On 20-24 September 2021 the EERA JP Wind and SETWIND hosted their Annual Event. During the week stakeholders from all over Europe including policymakers, researchers, and industry representatives discussed the future of Research & Innovation (R&I) priorities and technology development. The event was the eighth edition and was organised in collaboration with ETIPWind.
The European Commission’s recent Fit-for-55 package was at the center of the discussion. Mr Diederik Samsom, Head of Cabinet of the European Commission’s Executive Vice-President Frans Timmermans, opened the event. In his keynote he stressed the pivotal role of wind energy to deliver climate neutrality. And how strengthening EU funding programmes for R&I will boost Europe’s climate ambitions and the competitiveness of its industry.
Throughout the event experts from the academic community, industry and WindEurope presented the latest state-of-the-art in wind technology and identified the upcoming research priorities. Three topics stood out: system integration, floating offshore wind, and blade recycling.
On system integration of large volumes of wind power the participants highlighted the importance of continued R&I support to further develop wind farm’s capabilities to provide ancillary services. And to improve the interoperability of grid solutions.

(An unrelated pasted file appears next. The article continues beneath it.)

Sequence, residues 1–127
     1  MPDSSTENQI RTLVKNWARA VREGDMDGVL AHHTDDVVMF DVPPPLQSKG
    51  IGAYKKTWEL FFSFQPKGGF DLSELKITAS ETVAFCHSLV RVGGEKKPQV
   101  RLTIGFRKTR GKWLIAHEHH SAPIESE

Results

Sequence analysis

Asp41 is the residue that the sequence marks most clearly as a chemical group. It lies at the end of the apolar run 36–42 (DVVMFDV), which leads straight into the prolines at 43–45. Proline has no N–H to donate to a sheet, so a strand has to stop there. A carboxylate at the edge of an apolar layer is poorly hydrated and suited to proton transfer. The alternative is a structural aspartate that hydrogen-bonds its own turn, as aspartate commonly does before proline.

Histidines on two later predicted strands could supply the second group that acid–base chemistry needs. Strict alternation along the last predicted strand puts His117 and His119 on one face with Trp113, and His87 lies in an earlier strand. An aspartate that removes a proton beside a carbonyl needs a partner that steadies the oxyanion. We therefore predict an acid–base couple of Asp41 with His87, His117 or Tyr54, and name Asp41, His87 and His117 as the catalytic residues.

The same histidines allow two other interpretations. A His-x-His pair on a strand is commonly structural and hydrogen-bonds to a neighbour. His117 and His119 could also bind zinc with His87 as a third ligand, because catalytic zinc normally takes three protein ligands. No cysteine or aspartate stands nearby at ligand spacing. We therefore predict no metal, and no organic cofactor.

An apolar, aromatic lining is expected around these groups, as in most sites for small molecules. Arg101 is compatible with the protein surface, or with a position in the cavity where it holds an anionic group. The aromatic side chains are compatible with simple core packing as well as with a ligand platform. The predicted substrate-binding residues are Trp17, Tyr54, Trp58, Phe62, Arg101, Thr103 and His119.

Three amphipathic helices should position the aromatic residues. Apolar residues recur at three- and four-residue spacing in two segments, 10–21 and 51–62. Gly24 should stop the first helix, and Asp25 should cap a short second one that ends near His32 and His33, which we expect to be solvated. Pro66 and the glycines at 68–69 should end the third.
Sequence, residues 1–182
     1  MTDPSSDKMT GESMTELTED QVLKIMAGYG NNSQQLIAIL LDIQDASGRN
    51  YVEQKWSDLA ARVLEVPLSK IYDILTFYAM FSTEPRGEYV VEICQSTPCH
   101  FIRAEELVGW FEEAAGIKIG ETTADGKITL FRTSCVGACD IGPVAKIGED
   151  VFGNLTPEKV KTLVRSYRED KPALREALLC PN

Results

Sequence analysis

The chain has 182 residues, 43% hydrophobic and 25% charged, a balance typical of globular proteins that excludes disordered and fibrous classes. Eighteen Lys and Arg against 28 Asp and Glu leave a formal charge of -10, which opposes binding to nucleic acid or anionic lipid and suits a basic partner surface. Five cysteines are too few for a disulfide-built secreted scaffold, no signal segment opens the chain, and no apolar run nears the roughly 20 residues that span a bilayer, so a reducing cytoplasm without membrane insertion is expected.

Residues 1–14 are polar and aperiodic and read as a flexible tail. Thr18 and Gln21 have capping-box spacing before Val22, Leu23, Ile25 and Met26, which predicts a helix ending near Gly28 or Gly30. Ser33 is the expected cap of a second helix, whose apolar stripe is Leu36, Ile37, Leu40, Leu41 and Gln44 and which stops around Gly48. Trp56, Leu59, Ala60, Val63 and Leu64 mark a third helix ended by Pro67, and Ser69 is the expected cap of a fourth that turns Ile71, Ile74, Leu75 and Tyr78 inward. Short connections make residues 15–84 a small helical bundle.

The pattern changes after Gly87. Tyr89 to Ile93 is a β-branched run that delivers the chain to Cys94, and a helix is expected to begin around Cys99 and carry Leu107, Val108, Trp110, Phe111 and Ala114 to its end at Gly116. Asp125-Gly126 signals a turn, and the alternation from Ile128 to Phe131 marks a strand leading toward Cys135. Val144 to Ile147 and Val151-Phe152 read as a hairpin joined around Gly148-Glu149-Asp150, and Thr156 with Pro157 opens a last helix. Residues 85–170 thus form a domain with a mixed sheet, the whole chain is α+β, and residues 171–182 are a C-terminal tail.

On floating offshore wind the industry stressed that the technology is ready for large-scale commercialisation. Nevertheless, all participants agreed significant challenges remain and there is still a lot of room for innovation to fully mature floating offshore wind technology.
Sector experts also echoed the importance of innovation to achieve full circularity. With a specific focus on wind turbine blades. They called for increased investments in R&I to boost material recovery, develop and scale up recycling technologies, and ultimately design new, easier to recycle materials.
At the event ETIPWind and WindEurope highlighted that targeted R&I and EU investment is essential to reach the EU’s renewable targets by 2050. And to retain Europe’s competitive edge in wind technologies. In addition, the entire research community – industry, research institutes and academia – needs a forum to continue working together and highlight which areas are best suited to receive public support and bring the most value and impact from public funding.